Means-testing by HMRC. Instead it might be tempting to design a new system for providing means-tested energy-bill support to households through HMRC. This would need to overcome missing data – HMRC doesn’t currently know where everyone lives, for instance. So households would have to jointly declare their income, which would be used to calculate their entitlement to support. This would be costly both for households and administrators. Furthermore, as with most benefits, some households needing support with their energy costs would slip through the “opt-in” net. It is far from clear that it is proportionate or effective to set up an entirely new system from scratch and ask the majority of households to undergo a joint means test – effectively moving away from individual taxation – in response to a temporary policy challenge. Few are calling for a return to joint taxation.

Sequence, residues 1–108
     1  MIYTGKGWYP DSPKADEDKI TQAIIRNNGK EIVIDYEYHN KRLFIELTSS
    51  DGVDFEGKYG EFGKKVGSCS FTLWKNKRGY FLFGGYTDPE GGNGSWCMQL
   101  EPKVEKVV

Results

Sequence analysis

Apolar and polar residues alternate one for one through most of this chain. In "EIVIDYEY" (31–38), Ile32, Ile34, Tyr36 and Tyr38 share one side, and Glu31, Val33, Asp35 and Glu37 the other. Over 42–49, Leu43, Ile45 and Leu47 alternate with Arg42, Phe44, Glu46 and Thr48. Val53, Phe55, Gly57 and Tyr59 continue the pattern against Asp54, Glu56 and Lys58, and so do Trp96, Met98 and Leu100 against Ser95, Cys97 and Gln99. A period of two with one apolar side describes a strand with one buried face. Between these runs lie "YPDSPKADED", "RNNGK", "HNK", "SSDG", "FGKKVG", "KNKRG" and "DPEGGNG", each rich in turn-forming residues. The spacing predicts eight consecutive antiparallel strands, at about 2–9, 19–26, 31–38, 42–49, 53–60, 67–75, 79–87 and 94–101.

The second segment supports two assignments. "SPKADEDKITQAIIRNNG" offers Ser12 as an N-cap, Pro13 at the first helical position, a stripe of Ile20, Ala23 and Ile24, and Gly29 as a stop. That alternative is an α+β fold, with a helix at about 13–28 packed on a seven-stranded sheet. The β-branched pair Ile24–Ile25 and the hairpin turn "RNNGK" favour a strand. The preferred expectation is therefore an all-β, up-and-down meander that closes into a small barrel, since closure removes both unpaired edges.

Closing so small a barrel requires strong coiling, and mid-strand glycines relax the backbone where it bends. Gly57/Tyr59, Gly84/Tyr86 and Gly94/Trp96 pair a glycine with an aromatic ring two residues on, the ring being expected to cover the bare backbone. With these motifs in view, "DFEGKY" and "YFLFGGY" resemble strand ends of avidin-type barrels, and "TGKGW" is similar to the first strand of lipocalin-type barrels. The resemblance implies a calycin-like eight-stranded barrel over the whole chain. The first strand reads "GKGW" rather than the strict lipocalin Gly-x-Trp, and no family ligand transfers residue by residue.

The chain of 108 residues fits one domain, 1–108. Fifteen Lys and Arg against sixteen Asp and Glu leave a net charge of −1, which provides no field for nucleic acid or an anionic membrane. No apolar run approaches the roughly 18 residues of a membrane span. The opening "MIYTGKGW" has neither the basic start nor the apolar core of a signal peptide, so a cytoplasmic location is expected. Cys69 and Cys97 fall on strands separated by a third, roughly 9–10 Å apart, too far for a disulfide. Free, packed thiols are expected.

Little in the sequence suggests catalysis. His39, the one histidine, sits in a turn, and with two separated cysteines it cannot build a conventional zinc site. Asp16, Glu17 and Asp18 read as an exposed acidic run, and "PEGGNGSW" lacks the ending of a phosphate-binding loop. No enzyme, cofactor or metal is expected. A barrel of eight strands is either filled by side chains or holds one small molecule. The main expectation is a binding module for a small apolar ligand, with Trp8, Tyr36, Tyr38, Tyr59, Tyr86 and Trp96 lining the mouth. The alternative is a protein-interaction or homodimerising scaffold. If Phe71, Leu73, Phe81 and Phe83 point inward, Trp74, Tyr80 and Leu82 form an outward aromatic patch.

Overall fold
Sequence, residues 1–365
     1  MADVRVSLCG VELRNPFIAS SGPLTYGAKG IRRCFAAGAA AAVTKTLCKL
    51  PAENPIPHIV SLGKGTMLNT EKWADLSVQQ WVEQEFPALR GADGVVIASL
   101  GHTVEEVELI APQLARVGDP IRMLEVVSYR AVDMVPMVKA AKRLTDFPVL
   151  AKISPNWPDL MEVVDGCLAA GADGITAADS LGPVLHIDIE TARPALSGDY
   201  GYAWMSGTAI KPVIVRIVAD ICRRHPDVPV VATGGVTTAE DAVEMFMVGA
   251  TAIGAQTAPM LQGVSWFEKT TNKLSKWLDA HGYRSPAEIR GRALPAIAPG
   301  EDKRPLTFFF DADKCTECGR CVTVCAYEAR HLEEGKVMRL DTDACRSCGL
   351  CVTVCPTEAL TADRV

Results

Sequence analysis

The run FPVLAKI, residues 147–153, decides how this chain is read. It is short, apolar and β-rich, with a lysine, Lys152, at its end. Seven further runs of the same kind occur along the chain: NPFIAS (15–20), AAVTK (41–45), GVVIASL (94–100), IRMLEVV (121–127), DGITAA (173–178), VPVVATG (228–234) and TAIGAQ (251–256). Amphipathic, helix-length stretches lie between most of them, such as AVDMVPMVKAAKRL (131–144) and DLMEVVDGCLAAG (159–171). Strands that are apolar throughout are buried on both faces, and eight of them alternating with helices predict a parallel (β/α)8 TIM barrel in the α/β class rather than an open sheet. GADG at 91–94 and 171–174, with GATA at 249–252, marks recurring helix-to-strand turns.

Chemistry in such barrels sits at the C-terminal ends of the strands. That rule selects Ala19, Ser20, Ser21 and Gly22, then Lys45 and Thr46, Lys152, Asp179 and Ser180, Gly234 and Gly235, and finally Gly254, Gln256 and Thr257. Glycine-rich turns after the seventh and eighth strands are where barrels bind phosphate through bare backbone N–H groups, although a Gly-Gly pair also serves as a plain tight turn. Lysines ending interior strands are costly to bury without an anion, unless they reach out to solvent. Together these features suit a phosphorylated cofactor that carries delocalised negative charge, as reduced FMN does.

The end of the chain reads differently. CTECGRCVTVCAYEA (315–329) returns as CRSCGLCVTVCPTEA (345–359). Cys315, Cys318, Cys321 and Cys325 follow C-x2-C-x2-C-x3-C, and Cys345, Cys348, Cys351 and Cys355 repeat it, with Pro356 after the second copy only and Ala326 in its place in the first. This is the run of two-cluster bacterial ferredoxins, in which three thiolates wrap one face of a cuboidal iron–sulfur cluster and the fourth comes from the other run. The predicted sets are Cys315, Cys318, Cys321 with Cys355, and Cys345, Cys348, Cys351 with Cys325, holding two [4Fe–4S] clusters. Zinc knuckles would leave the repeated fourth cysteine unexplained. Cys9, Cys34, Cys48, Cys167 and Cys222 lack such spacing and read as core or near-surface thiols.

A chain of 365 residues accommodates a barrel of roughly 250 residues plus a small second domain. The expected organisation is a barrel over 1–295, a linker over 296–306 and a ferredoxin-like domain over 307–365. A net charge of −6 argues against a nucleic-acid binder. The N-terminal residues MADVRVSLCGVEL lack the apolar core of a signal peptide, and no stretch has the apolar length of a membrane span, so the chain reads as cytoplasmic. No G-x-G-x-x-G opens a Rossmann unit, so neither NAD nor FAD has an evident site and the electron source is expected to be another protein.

Rebate and tax-back. It would be far simpler for the government to provide universal support and then use income taxes to claw some of it back. This still has the drawback that individual taxation would be used to claw back household-level subsidies, which would lead to some unfairness. But it has the virtue of being immediately viable and at least reasonably fair.